Chauvin’s attorney sought to bolster suggestions that the officers’ actions were influenced by what they perceived as a hostile crowd shouting at Chauvin to get off George Floyd’s neck. Chauvin’s attorney is expected to call his own medical experts to make the case that it was not the officer’s knee that killed Floyd. Earlier Monday, Dr. Jonathan Rich, a cardiology expert from Northwestern Memorial Hospital in Chicago, echoed previous witnesses in saying Floyd died of low oxygen levels from the way he was held down by police. In this image from video, Dr. Jonathan Rich, a cardiologist, testifies as Hennepin County Judge Peter Cahill presides over court Monday, April 12, 2021, in the trial of former Minneapolis police Officer Derek Chauvin at the Hennepin County Courthouse in Minneapolis.
The trial of Derek Chauvin enters into the 11th day now and the prosecution has interviewed the cardiologist and heart failure expert, Dr. Jonathan Rich. The cardiologist’s statement does further prove Derek Chauvin to be guilty. Tobin explained that Chauvin had been applying intermittent pressure to Floyd’s neck, which would in turn, cause intermittent oxygen deprivation.
When asked in court Friday what he believed caused Floyd’s death, Baker pointed to what he called “severe underlying heart disease” and said Floyd’s heart already would require more oxygen than normal. Rich also said he used the video evidence to help him make his assessment. He said during the pandemic, he has used video assessments to treat patients and said it can provide useful information. Rich said he didn’t hear Floyd complaining of dizziness or heart palpitations, and his condition didn’t deteriorate rapidly, which would indicate a heart arrhythmia. Rather, he said, Floyd’s movement and speech gradually became slower and weaker, which he said was indicative of low oxygen.
He is affiliated with numerous hospitals in Massachusetts and more, including Northwestern Memorial Hospital. Dr. Jonathan D Rich is licensed to practice by the state board in Massachusetts . Cahill said the jury would be sequestered after testimony has ended and both sides begin their closing statements. The judge added that such a request could have the opposite of the intended effect if the jury was suddenly sequestered and then believed there was a greater threat to their security because of the recent unrest.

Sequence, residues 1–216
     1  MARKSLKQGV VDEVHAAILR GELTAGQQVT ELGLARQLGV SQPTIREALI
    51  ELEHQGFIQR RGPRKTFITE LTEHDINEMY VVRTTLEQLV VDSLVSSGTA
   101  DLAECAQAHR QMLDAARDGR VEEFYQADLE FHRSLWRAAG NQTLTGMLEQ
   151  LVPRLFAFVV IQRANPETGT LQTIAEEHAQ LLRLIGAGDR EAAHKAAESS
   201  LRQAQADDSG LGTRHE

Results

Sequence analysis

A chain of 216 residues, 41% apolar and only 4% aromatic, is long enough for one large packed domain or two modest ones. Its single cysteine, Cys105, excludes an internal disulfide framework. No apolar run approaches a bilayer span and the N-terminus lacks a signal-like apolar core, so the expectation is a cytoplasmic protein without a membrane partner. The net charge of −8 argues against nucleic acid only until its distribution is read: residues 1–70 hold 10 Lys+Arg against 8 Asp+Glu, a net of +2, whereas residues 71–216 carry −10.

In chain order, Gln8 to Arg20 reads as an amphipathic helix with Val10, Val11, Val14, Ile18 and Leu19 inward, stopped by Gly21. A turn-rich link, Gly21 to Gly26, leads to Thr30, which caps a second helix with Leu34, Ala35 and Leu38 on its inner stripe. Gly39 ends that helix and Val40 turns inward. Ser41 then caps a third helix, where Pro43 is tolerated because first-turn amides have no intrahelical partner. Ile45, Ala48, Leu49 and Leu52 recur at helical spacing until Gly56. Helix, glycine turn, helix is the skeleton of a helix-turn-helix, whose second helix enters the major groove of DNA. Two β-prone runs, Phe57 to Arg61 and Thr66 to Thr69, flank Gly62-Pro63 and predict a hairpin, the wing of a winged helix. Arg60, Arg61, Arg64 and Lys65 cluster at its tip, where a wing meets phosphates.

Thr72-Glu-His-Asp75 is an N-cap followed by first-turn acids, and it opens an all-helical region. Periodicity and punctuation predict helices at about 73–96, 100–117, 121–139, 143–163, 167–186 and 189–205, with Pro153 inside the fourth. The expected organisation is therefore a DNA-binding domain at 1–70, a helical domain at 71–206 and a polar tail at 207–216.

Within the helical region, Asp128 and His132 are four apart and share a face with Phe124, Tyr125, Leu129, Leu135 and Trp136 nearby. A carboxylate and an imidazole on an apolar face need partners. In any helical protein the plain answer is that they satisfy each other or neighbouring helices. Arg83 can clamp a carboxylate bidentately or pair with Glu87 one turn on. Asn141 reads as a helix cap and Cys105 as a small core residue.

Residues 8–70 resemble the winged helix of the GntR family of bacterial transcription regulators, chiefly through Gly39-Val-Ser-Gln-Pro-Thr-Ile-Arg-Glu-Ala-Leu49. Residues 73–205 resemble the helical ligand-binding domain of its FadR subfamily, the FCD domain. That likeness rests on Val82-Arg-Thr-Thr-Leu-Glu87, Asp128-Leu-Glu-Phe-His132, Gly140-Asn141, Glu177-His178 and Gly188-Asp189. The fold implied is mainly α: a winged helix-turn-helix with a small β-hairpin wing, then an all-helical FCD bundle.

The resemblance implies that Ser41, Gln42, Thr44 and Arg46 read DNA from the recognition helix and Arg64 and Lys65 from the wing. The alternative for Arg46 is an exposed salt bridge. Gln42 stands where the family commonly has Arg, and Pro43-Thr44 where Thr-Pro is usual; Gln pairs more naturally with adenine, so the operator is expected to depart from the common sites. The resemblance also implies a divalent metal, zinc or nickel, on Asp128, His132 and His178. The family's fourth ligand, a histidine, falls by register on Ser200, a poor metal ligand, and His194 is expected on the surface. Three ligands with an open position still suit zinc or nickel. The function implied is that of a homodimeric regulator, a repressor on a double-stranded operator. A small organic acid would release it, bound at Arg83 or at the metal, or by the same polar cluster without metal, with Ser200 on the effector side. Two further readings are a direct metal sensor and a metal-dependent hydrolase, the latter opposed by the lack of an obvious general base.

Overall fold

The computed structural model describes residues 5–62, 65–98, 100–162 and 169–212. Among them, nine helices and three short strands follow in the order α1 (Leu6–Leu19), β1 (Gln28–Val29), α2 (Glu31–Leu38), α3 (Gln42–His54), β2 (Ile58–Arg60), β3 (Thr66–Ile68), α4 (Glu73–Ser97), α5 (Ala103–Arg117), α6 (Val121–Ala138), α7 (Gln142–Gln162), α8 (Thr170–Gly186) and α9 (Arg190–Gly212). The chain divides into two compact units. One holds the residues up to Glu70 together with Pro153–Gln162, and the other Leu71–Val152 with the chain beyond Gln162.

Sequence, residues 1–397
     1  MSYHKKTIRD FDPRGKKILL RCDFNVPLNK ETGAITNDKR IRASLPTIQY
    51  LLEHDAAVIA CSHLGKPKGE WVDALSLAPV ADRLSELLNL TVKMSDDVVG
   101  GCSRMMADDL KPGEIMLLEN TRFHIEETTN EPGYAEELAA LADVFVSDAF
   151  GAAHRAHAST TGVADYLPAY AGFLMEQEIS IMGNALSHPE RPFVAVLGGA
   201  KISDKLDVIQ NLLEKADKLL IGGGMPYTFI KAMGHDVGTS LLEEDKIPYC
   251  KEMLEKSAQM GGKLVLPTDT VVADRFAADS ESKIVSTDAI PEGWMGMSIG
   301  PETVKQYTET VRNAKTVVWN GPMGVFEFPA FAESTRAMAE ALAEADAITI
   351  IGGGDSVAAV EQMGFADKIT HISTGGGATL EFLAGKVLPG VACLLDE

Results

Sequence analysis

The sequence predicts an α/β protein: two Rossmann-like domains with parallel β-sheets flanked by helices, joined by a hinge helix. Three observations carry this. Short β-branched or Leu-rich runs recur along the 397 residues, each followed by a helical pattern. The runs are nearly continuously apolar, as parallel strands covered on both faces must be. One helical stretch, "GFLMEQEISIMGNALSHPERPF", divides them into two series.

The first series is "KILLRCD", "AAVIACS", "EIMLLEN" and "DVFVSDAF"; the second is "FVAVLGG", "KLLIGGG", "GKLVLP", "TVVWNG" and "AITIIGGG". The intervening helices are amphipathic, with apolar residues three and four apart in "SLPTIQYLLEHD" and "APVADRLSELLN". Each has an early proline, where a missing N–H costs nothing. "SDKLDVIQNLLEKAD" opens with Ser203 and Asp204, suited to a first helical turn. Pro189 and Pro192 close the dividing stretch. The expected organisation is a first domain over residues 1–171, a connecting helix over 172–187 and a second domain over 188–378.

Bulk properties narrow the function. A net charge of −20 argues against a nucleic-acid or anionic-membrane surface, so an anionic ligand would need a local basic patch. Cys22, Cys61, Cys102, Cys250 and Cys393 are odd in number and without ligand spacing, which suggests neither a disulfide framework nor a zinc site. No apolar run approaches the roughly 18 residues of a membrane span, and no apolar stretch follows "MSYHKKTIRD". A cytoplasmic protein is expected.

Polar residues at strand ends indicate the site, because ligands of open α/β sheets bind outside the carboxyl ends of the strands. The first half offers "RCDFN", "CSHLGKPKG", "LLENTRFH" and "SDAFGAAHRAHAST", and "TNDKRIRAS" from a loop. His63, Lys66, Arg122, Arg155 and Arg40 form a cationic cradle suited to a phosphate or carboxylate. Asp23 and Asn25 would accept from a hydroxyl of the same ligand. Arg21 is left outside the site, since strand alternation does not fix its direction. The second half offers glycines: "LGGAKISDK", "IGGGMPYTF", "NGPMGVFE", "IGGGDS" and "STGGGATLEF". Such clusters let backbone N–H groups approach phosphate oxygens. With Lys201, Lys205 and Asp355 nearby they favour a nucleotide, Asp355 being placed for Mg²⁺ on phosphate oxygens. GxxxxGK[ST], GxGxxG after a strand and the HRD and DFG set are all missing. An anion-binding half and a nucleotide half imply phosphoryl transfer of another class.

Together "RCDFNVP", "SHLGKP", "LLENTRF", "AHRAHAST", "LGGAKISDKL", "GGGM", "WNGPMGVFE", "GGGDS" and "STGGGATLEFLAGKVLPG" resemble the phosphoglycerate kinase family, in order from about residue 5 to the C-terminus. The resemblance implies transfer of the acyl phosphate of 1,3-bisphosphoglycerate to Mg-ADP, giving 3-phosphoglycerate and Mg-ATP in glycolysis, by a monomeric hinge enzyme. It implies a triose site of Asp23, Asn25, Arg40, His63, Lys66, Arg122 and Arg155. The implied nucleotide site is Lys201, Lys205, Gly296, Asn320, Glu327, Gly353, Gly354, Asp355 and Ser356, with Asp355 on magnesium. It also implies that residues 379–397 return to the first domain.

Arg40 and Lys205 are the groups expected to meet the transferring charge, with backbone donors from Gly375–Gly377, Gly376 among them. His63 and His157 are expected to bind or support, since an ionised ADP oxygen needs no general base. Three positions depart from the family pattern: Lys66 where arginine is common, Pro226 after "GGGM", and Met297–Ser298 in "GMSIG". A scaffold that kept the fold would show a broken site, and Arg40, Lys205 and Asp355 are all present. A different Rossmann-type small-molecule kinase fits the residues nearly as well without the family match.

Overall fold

Judge Peter Cahill told the jury that will happen Tuesday, and that he expects closing arguments on Monday, April 19. “No reasonable officer would have believed that that was an appropriate, acceptable or reasonable use of force,” he said of both the knee on Floyd’s neck, and the prone restraint. Next, the state called national use-of-force expert Seth Stoughton to the stand.
He said Floyd loved to work out, play sports and, as a child, measured his height against the wall of their home. Philonise Floyd, George Floyd’s brother, took the stand in the trial for George Floyd’s death. Chauvin’s attorney Eric Nelson requested the jury be sequestered and to re-question the jurors following the fatal police shooting of a 20-year-old man in Brooklyn Center Sunday afternoon, April 11, during a traffic stop. Special Assistant Attorney General Steve Schleicher opposed the motion.
Philonise Floyd, the 39-year-old brother of George Floyd, was called as a “spark of life” witness for the state Monday afternoon. In this role, he can speak to the jury about who George Floyd was as a person. In conclusion, Stoughton told the jury that he believes Chauvin’s use of force against Floyd was “deadly,” and that it was not reasonable.